Esp8266 Based ArduCam WiFi Camera

This device is a versatile Esp8266 based platform with a connector to support use of ArduCam Mini  Camera.

Here I have made a small PC board useful for any number of IoT platforms based on the very popular Esp12 or Esp07 modules.   There is a MicroUSB power input and regulator and a couple LEDs and reset switch also on the board.  The ArduCam compatible connector supports usage of this popular 2MP  jpeg camera that operates over SPI and I2C from the Esp12 and uses the OVM2640 image sensor.
The Esp12 and Esp07 device is based on the 8266 and both units are rather powerful IoT devices with onboard WiFi and a great deal of support for software and realtime OS.   This board also has a connector for either general IO like SPI and I2C but has been done to mate with an ArudCam Mini camera.    In the first project running on it now I show how the ArduCam Mini which when the pins are bent mounts nicely to screwholes and then operates by serving up a webpage with the image the camera sees.   The software for doing this jpeg to a webpage cam shown below on my PC board was supplied by a most generous gentleman, Johan Kanflo,  and you may see his project on his esparducam webpage  (I thank him greatly).

The ArduCam mounts on the back for a very nice and compact unit suitable for a very small case for image delivery on the cheap.
The Prototype Unit

The Esp8266 PC board from Mark-World that was first made in August 2016 implements this IoT sensor in the picture to the left. The IoT device prototype is in the pictures to the above right  The board to the left is the same board discussed earlier on this page for a Web Camera usage but the board has been laid out to be used in assorted other projects as they come up with this being one example.   


Details Follow for Those  who are curious ...

The unit comes up as a wireless access point if  the prior configured wifi is not found or of I short a pin to ground to reset wifi.  You connect to it's network with android or iPhone and then set your wifi from IP 192.168.4.1 and after that it connect to your wifi to get to the web.

This monitor uses the Esp8266 plugins that allow development using the Arduino IDE.

The code for this board was done as an Arduino IDE sketch using Esp8266 plugins and is based on AdaFruit Bme280 board and sample source they supplied (THANKS and please check out AdaFruit.com).  A compile option taylors the board for the above proto and this version made with my recent Esp8266 multi-purpose board that is 1.8x1.5" in size.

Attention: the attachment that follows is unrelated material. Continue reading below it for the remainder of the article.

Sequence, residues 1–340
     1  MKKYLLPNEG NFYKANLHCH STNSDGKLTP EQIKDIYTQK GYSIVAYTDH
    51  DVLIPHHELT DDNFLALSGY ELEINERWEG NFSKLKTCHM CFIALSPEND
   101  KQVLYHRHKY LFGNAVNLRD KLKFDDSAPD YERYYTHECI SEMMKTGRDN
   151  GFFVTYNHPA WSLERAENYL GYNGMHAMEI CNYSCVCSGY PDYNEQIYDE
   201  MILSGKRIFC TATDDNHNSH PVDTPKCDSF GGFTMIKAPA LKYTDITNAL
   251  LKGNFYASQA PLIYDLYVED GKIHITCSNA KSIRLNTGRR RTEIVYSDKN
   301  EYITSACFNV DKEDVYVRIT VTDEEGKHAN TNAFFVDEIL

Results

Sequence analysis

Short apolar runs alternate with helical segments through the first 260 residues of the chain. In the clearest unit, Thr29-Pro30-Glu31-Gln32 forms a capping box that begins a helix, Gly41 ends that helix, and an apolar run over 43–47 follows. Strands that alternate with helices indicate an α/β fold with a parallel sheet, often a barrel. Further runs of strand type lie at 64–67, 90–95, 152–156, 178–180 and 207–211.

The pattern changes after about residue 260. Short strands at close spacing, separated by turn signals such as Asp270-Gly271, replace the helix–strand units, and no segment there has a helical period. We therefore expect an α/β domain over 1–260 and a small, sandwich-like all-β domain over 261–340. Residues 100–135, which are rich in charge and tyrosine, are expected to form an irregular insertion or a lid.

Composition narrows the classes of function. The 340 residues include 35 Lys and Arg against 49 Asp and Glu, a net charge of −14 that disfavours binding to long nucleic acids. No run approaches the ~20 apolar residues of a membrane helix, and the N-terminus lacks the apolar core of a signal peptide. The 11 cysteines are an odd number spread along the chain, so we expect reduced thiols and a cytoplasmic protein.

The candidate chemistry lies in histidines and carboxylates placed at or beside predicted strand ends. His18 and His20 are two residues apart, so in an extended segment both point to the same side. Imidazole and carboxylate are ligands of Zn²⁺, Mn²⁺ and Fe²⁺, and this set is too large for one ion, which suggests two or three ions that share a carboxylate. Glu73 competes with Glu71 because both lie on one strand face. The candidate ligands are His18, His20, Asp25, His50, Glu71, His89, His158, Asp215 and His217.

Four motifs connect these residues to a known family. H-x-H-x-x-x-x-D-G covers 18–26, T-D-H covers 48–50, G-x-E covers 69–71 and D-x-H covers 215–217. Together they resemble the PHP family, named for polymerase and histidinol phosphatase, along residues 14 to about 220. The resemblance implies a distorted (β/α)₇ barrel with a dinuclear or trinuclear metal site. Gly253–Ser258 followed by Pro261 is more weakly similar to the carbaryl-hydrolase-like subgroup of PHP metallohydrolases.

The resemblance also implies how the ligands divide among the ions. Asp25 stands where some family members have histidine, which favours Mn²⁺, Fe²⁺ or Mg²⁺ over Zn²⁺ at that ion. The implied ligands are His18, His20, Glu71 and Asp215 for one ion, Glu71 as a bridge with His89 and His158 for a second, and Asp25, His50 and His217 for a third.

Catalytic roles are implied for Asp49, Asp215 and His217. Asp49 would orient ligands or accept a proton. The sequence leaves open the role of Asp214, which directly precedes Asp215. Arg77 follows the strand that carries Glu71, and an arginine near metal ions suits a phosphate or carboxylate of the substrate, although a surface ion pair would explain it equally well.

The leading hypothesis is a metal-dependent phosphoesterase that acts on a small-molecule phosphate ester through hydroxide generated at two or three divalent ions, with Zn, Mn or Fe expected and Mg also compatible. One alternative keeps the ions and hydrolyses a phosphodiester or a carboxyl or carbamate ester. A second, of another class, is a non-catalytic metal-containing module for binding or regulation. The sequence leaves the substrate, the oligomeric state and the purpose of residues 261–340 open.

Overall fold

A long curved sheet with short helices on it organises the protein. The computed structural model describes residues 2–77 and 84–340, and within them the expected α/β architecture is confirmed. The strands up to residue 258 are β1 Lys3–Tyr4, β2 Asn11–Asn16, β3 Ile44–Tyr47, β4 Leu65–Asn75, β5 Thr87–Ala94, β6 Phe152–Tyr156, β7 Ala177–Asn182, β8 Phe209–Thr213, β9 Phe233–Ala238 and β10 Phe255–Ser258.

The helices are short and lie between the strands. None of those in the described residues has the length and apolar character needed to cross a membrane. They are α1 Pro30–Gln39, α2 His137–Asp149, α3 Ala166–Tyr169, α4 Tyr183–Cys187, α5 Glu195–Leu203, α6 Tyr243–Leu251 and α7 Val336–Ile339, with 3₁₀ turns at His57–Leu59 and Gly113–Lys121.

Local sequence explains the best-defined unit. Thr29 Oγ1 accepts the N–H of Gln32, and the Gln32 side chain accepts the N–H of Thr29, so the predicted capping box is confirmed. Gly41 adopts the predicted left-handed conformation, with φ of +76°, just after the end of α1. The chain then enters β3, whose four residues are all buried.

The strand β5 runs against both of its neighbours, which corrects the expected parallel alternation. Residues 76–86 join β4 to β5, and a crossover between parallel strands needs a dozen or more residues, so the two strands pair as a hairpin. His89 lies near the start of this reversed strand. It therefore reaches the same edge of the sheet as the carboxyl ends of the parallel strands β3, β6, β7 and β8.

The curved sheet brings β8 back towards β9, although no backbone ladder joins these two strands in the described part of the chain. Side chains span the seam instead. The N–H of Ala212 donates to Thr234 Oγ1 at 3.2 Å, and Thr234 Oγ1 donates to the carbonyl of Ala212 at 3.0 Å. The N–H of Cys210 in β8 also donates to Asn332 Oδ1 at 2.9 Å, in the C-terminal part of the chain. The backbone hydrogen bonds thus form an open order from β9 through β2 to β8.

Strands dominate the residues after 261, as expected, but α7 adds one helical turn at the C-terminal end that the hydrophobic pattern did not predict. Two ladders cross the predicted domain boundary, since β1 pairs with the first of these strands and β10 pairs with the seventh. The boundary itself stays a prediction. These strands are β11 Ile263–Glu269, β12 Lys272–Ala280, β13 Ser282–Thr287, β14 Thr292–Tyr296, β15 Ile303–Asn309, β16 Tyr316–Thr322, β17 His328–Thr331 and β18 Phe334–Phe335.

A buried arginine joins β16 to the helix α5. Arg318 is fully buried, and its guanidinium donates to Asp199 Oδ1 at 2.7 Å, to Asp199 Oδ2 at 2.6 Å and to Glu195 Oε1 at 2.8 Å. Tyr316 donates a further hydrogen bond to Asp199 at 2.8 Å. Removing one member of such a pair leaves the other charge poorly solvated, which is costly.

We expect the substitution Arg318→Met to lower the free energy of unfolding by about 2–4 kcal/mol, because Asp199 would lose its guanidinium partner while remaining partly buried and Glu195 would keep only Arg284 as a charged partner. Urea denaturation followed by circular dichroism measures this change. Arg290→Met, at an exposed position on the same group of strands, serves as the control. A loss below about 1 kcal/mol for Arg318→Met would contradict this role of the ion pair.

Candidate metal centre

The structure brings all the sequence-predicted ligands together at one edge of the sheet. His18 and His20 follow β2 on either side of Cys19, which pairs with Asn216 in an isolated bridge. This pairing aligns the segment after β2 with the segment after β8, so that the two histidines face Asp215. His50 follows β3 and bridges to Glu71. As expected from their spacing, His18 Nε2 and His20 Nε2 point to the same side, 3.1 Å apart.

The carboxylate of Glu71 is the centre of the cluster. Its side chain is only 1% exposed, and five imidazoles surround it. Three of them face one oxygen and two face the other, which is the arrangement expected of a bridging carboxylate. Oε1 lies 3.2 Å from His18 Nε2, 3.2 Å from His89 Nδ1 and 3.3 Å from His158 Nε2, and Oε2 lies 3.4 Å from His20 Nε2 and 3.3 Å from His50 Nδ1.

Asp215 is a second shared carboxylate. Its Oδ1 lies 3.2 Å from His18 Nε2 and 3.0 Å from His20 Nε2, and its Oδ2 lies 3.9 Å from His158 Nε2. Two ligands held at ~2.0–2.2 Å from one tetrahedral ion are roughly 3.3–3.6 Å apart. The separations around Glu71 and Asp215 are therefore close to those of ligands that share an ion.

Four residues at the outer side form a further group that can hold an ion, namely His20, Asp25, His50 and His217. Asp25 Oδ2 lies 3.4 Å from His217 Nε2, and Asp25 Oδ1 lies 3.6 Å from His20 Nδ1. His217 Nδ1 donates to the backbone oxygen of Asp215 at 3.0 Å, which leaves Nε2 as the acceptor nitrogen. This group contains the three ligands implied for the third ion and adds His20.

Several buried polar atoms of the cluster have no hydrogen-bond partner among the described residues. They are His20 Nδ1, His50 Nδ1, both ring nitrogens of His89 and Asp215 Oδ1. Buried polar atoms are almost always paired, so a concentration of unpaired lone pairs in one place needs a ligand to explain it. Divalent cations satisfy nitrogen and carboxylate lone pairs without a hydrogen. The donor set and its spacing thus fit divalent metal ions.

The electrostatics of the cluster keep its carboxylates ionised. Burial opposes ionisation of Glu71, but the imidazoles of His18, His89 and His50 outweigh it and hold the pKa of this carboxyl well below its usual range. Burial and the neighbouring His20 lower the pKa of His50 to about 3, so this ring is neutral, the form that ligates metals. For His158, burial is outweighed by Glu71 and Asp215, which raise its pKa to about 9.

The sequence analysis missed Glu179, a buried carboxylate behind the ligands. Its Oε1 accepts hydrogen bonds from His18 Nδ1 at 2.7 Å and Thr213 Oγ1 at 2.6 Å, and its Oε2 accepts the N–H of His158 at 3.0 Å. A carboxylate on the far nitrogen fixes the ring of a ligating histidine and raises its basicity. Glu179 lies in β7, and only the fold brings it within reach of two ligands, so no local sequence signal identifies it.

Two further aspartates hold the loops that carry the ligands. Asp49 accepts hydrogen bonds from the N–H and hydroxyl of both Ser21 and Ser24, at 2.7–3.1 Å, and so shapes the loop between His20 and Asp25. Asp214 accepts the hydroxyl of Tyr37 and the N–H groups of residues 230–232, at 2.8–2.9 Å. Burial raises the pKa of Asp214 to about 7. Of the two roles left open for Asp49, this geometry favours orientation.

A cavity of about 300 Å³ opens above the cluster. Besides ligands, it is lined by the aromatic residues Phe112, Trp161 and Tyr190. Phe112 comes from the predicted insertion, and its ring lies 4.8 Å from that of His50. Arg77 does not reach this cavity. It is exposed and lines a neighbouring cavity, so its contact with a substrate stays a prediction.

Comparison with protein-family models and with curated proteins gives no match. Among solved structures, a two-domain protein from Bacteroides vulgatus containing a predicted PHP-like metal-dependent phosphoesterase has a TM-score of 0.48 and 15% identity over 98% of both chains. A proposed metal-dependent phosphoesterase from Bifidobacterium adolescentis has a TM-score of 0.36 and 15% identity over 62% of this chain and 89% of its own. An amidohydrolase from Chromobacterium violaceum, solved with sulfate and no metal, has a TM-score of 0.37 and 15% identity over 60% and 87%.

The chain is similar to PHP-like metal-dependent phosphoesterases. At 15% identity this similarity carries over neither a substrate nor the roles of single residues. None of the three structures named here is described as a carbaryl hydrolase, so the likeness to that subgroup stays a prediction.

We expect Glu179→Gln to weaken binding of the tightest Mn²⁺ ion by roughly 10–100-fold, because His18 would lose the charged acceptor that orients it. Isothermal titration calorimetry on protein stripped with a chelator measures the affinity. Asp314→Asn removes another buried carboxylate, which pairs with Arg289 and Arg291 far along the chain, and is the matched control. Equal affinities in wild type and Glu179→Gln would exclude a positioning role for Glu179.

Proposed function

The Bme280 sensor comes from the fine Adafruit.com site which is a great place for all sorts of devices one may wish to build so Mark-World says 'Check It Out!'

An MQTT broker is software in the cloud that accepts messages from this device and then one or more other computers can pull the messages back out to save to a database or print them or use to drive the input to a program.  Message brokers are a big deal in the world of Internet Of Things these days.    You then have an Mqtt client on perhaps your smartphone to pull down the messages to see the conditions where the sensor is located.

This monitor uses the Esp8266 plugins that allow development using the Arduino IDE.

Environmental Monitor With MQTT reporting And Access Point Config

This device monitors local temperature,  barometric pressure as well as humidity from a Bosch Bme280 and then reports the values to the CloudMqtt.com  tools.

The device has an Esp8266 processor with built in WiFi and so it connects to the WiFi at a site and then contacts www.CloudMqtt and reports the conditions on a regular interval.    

The Bme280 sensor comes from the fine Adafruit.com site which is a great place for all sorts of devices one may wish to build so Mark-World says 'Check It Out!'

An MQTT broker is software in the cloud that accepts messages from this device and then one or more other computers can pull the messages back out to save to a database or print them or use to drive the input to a program.  Message brokers are a big deal in the world of Internet Of Things these days.    You then have an Mqtt client on perhaps your smartphone to pull down the messages to see the conditions where the sensor is located.

Temperature And Shake Sensor
'Wall Wart'


Here is a small box that plugs into the wall and powers a tiny Esp8266 processor that keeps track of temperature and vibration of the device.

This Iot unit has it's own power supply and the small wall-wart case plugs directly into the wall socket and no, it is not UL approved at this time.

This  reports data to a cloud server account on ThingSpeak.com.   It has a serial console that can be accessed over BlueTooth from a bluetooth terminal running on an Android or iPad but it's real value is in it's reporting data to a server 'in the cloud'.

The development environment for this unit is using C compiler (GCC) and then download code to the unit from Linux PC serial port.

Unit On My 8266 Board
Esp Based Internet Of Things Projects

Products from EspressIf are ideal for low-cost WiFi IoT devices.   These are small postage stamp sized modules with WiFi and some limited IO to attach sensors and other devices.
This page shows several projects from Mark-World using these devices.


PADI IoT Stamp Board

This board is in development as of May 2017 and is designed to be a  useful base for IoT projects based on the PADI IoT Stamp module from Pine64.com.

The board is 1.6x1.4 inch in size and the smallest parts are 0603 SMT parts.

The PADI is a $2 module in small quantities and is a more powerful stamp sized processor than the Esp8266.  The PADI due to a lot of RAM is able to run FreeRTOS. This board has the 4 PWM ports  for servos and the board has separate servo power and standard servo 3-pin jacks.

Stay tunned for more progress in June 2017!
Mark-World - Tech Projects To Amuse The Curious
Esp Based IoT